Abstract WMP117: Conservative versus Surgical Treatment for Brainstem Cavernous Malformation.

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Abstract

Brainstem cavernous malformation (BCM) account for 8-22% of all intracranial cavernomas. Currently, they can be treated microsurgically or conservative but it is still difficult to choose the best treatment for each patient. The main objective of our series was to evaluate the long-term functional outcome and recurrence in patients with BCM treated with conservative or surgical treatments.

Hypothesis: We assessed the hypothesis that surgical and conservative treatments are associated with different functional outcome and re-hemorrhage rate in long-term follow-up.

Methods: In this non-randomized, clinical series, we compared the clinical and radiological findings of patients with their first hemorrhage secondary to confirmed BCM, treated in a tertiary neurological center, during a twenty five- year period. Treatment of each patient was selected by the attending physician and consisted of either conservative or surgical evacuation of BCM. The primary end-points were recurrent hemorrhage and functional outcome. Favorable prognosis was defined as modified Rankin scale (mRs) of 0 to 2.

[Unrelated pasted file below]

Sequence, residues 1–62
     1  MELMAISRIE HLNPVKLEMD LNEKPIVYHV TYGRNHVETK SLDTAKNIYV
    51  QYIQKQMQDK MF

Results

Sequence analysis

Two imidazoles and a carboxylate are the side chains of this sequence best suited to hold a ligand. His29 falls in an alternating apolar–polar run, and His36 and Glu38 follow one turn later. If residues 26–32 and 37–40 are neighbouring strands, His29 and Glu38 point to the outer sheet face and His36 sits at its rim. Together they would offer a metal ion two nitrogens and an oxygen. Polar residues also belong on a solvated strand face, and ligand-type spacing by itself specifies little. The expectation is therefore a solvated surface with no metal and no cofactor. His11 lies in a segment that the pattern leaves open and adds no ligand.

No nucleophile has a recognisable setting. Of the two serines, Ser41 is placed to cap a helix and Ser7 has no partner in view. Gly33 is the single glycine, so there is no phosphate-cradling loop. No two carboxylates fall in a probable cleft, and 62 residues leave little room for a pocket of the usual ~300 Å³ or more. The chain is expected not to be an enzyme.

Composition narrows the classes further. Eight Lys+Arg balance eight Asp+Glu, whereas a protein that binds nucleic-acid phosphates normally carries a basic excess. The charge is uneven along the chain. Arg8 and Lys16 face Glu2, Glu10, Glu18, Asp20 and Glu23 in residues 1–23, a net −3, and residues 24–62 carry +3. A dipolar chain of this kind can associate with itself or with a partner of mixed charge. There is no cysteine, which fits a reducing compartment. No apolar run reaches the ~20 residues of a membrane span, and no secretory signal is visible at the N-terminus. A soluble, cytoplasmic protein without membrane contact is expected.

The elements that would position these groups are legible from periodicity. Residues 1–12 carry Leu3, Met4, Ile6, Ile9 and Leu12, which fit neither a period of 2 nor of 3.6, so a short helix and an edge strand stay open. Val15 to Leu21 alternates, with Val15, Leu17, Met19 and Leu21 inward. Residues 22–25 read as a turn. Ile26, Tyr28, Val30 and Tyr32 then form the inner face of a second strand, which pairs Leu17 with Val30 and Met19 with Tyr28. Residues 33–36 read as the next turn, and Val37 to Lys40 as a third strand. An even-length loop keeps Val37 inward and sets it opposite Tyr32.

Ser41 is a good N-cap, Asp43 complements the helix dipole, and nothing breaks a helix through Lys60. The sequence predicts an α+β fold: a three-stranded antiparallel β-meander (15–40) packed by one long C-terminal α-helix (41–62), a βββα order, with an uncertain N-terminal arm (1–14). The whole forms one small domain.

Results: From January of 1990 to July of 2015; 99 patients with BCM hemorrhage were treated (59 [59,6%] female; mean age 37± 13 years). 37 patients (37,4%) were surgically treated and 62 (62,6%) received conservative treatment. During the follow-up; 20 patients in the medical group (median time of recurrence: 34,5 months; IQR: 13,75-93) and 4 patients in the surgical group (median time of recurrence: 22 months; IQR: 9-46,5) had a recurrence (OR: 0,255; 95% IC: 0,079-0,817), with a cumulative incidence of 5,1 per 100 years-person and 3,96 per 100 years-person respectively. Because of rebleeding, 11 patients of the conservative group were taken to surgery and 3 of the surgical group were to required re-intervention. At the end of follow-up (median: 51 months; IQR: 19-104) 51 patients remained in the conservative group and 28 (54,9%) had a favorable mRs. 48 patients remained in the surgical group and 27 (56,2%) had a favorable mRs (OR:0,94 95% IC: 0,42-2,09).

Conclusion: Despite a significant high recurrent hemorrhage rate was observed in conservative treated patients, we did not found difference in clinical outcome between both groups of patients with BCM.

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